Teaching at Hunter
By Tina Howe
[In April, 2005, at a ceremony in Independence, Kansas, Tina Howe
was given the William Inge Theatre Festival’s Distinguished Achievement
in American Theatre Award. Tina Howe has been a Visiting Professor of
Theatre at Hunter College since 1990, teaching graduate Playwriting.
On May 17, 2005, Hunter held a tribute to celebrate her Award, for which
Tina prepared the following remarks about teaching. She read them as
an introduction to a series of readings from her plays, directed by
My feelings for Hunter are so strong I thought
I'd better write them down so I don't whirl around the ceiling like
an exploding helium balloon. You don't want to spend the rest of the
evening picking rubbery pieces of Tina out of your hair and clothing.
As I was doing laps in the pool this morning,
I was trying to figure out exactly what it is about teaching
at Hunter that has made me so happy these past 15 years. God knows,
I love teaching playwriting. It's such a pernicious form… On the one
hand it requires gargantuan intelligence and architectural skill. A
play can only be as thrilling as the container you put it in. Whether
it's a Gothic cathedral, the frozen food aisle of a supermarket or a
stretch of beach along the ocean, you've got to stay true to the setting.
But once you shake this gorgeous container to life, you have to forget
your gargantuan intelligence and surrender to the whims and foibles
of your characters. You have to let them lose their way, fall mute,
burst into tears, eat dirt and start playing the tuba. In short, you
have to let them LIVE! It's a very difficult balancing act
because here you've designed all these splendid winding paths but then
you have to get the audience to care about the people who are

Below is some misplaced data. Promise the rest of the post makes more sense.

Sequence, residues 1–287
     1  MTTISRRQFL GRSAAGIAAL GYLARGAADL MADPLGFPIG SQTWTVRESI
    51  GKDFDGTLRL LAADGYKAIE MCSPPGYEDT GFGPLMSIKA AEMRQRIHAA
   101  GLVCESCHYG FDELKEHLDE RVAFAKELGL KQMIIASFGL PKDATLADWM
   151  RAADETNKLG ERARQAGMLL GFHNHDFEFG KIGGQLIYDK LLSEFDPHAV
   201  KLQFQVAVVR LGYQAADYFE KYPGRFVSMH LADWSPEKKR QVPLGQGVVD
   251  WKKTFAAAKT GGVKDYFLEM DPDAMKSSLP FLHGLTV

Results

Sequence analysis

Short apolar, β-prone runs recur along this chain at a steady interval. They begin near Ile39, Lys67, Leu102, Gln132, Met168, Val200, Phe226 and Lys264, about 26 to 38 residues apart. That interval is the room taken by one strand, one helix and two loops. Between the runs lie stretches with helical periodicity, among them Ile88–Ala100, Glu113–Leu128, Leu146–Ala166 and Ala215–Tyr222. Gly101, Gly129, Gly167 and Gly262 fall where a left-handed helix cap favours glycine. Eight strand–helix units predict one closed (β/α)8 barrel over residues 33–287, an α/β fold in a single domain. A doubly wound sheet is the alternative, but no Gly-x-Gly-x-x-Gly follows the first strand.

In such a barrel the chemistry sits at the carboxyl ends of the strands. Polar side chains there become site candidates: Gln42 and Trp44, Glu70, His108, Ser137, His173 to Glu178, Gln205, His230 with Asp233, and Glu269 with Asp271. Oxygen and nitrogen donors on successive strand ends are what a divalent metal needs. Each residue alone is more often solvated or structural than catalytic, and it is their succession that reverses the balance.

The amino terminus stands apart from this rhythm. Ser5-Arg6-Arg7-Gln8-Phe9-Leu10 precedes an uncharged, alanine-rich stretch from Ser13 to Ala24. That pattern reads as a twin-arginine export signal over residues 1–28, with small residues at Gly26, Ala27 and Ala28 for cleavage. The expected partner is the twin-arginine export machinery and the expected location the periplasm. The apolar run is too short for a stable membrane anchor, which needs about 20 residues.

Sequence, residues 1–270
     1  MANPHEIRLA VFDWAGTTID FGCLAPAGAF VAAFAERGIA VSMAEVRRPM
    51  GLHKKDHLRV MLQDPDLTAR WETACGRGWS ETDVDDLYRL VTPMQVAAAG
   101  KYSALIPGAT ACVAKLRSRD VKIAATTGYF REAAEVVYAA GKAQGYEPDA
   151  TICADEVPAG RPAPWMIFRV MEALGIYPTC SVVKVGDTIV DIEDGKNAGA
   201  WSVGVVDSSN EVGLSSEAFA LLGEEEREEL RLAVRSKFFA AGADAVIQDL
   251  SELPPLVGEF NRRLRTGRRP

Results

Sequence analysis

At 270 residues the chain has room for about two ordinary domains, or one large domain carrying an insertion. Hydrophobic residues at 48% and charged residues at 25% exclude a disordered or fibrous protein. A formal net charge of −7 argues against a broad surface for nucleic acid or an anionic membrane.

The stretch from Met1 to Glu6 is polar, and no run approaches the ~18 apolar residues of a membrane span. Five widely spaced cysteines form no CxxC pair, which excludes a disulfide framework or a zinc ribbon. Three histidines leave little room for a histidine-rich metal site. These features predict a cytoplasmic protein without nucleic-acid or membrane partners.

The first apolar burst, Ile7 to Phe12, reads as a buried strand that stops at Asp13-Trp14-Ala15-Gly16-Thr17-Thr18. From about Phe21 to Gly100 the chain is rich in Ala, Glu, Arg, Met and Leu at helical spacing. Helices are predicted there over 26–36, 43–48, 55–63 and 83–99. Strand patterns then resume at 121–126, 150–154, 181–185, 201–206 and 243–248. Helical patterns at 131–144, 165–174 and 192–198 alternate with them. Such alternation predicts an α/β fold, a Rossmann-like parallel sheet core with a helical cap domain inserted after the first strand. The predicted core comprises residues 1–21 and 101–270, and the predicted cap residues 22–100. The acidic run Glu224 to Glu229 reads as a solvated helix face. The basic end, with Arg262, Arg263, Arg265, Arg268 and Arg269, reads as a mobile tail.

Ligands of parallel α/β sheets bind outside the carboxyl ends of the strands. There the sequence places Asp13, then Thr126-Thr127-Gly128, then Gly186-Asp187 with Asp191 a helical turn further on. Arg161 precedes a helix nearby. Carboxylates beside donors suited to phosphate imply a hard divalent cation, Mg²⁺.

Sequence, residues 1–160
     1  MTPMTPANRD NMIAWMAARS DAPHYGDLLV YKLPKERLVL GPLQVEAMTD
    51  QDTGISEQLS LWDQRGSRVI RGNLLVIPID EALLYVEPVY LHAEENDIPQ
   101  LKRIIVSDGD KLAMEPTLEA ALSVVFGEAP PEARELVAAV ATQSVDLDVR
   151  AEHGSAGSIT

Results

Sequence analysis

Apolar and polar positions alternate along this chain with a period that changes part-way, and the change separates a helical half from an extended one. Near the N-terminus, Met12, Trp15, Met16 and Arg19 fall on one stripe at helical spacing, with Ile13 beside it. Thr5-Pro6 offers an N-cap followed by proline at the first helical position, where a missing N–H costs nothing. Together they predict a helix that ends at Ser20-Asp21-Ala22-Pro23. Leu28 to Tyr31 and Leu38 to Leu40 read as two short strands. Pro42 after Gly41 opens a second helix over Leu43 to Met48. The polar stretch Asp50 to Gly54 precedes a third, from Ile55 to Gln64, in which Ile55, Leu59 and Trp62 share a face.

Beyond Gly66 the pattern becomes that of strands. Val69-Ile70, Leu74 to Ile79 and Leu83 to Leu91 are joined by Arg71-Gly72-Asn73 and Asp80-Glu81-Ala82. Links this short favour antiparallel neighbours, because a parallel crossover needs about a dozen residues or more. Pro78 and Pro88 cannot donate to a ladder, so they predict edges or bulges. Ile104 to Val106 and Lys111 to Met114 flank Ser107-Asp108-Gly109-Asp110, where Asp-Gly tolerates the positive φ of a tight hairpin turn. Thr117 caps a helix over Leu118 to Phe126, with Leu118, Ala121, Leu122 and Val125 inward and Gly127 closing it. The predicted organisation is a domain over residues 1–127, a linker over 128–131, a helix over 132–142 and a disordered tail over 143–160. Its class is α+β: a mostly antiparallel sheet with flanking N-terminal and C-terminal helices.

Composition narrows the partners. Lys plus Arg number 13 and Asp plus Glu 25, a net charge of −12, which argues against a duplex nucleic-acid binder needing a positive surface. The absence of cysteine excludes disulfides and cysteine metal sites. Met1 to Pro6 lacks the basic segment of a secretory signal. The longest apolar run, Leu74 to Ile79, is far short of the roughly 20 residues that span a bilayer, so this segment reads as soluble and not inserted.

lurching around inside them.
This is where Hunter comes in…
Your glorious students…
Anyone who's a graduate student in the Theatre
Department can take my playwriting class. They don't see themselves
as playwrights, they just think "playwriting" sounds like fun. You know
-- "playing at writing." So I get all these students who love the theater
but have never written a play in their life so they have NO attitude
about how great and important they are. I can't tell you how refreshing
that is! Since being a witness of any kind involves humility, it's a
tonic to have students who are completely open to the process -- and
each other. We're all equals and that includes me. In fact, I'm probably
more terrified than they are.
I don't use a textbook. The class is all about
the class. Which can be a scary way to teach because in a sense
you're depending on the kindness of strangers. But what amazing strangers
my Hunter students are! Largely because they're grownups who go to work
every day and don't have time to write anything -- let alone a play…
which is the last thing the world needs! A new play!
So who are these misguided people? A lot of them
are teachers in the public school system. Many of them teach Special
Ed, which they means they have high doses of compassion. I've had actors,
singers, dancers, artists, therapists, masseurs, stand up comics, computer
nerds, editors, copy writers, saints, sinners, belly dancers -- alcoholics,
recovering alcoholics, recovered alcoholics -- psychotics, weepers,
nurses, musicians, composers, single mothers, expectant mothers, grandmothers,